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Last edited 13 Jan 2021
BREEAM and air quality
Air pollution is a serious issue that causes a broad range of detrimental impacts to people’s health. For example, air pollution increases the risk of lung cancer and is linked to the development of cardiovascular disease. There is also emerging evidence that air pollution might increase the risk of Type 2 Diabetes. Whilst exposure to air pollution during pregnancy and after birth has an adverse effect on lung function development of children. The list goes on, and as the evidence mounts up it leaves us with no doubt that we need to be taking action to clean up the air that we breathe.
There are numerous sources of air pollution that impact on the quality of both external and internal air, from day to day activities such as driving to more large-scale processes such as energy production. A number of these sources are relevant in the built environment through design decisions, construction practices, and operational management. As such, the built environment must be designed, constructed and operated in a way that reduces emissions polluting the external environment whilst also creating healthy internal environments for occupants. But how do we go about doing this?
BREEAM UK New Construction 2018 offers a number of opportunities to address the complicated issue of air pollution throughout a buildings lifespan. The nine environmental categories of BREEAM contain various criteria that relate to a range of sustainable solutions. Whilst each category has a specific focus, the holistic approach of BREEAM means that there is influential crossover between categories and the issues they address. In the case of air quality, there are numerous requirements throughout BREEAM that both directly and indirectly tackle this issue.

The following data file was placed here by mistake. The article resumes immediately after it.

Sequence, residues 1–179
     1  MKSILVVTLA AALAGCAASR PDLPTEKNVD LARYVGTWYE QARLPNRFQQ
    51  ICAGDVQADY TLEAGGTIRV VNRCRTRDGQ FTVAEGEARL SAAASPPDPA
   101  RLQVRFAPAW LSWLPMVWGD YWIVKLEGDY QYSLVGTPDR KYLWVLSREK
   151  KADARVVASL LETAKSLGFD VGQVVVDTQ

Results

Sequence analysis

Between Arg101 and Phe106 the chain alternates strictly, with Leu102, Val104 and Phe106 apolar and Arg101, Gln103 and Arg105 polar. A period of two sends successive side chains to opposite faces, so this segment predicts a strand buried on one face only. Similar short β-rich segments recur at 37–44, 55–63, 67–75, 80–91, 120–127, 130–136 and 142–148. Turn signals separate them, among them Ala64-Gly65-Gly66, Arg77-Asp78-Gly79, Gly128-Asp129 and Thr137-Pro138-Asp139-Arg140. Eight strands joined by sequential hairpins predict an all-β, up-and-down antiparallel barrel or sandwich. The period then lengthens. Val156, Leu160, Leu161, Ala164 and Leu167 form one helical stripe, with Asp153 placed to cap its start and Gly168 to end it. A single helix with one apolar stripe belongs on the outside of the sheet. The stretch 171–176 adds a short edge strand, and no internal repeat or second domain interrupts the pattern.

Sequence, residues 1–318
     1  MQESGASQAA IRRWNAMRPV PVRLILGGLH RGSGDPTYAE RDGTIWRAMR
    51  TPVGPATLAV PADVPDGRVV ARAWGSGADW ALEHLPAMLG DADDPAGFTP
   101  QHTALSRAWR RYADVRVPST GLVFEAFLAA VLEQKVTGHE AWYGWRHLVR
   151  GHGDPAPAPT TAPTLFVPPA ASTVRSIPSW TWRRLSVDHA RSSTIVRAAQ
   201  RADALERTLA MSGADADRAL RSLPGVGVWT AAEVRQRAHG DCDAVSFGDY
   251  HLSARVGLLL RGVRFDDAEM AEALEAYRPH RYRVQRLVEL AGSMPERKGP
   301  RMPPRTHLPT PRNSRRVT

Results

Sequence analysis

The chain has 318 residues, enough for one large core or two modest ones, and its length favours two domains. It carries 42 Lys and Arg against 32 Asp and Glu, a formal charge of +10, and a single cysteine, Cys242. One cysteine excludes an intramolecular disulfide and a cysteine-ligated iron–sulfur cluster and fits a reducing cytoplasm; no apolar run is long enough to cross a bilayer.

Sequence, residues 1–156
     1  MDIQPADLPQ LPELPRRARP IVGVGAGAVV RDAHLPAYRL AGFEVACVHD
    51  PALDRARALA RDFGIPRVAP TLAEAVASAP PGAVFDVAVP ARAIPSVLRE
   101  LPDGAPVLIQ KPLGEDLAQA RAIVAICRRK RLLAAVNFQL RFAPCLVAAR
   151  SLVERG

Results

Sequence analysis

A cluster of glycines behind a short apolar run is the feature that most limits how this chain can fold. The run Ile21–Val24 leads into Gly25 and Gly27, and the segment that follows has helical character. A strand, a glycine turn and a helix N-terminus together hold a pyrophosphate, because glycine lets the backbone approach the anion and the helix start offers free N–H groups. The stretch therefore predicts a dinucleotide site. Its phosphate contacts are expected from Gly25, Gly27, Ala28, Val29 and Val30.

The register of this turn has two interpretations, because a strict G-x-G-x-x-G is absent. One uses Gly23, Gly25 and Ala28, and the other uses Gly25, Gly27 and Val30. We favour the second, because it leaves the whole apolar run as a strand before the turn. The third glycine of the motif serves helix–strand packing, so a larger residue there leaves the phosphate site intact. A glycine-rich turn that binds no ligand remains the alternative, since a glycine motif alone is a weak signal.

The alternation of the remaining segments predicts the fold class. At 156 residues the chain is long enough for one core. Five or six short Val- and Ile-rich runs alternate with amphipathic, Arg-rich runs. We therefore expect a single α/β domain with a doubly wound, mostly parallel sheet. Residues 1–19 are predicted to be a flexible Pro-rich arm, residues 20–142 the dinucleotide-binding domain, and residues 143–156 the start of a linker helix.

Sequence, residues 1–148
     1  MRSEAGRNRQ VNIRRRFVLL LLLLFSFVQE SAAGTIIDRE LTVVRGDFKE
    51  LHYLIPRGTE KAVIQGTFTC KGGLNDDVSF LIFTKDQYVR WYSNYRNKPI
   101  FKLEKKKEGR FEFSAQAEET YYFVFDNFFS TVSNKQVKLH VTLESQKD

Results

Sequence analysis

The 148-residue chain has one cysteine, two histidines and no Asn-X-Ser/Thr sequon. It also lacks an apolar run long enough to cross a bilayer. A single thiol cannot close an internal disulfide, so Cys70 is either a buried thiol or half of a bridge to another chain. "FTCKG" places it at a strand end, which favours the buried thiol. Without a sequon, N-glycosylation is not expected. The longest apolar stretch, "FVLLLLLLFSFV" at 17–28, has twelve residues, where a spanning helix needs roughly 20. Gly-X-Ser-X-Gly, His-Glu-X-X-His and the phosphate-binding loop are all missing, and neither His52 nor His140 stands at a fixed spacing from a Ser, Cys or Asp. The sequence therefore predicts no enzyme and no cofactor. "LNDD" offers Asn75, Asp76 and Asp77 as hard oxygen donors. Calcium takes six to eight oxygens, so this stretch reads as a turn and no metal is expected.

In the Management category, the criteria of the ‘Responsible construction practices’ credit include requirements to manage construction sites in an environmentally-accountable manner. Of these requirements a number relate to reducing the sites impact on air quality through minimising traffic, operating procedures for pollution management and monitoring and recording data for total transport-related carbon emissions.
It is important that systems and services of a building are operating properly to minimise potential detrimental impacts on external and internal air quality. In the ‘Commissioning and handover’ and ‘Aftercare’ credits of the Management category, the criteria set out commissioning testing schedule responsibilities and requirements for engagement with building users. These requirements support the efficient operation of the building, ensure the systems and services of the building are being used as intended and support building user experience.
The Health and Wellbeing category features an entire credit for indoor air quality. Prior to any reward being achieved in this credit, an Indoor Air Quality plan must be produced for the building. This plan facilitates a process that leads to design and specification decisions that minimise indoor air quality pollution during occupation of the building. The further requirements of the credit address ventilation, emissions from construction products and post-construction indoor air quality measurement. There is also a credit in this category for providing outside space whereby the requirements specifically state the outside space must be non-smoking and located away from building services, car parks, and busy roads so that users can enjoy a healthier external environment.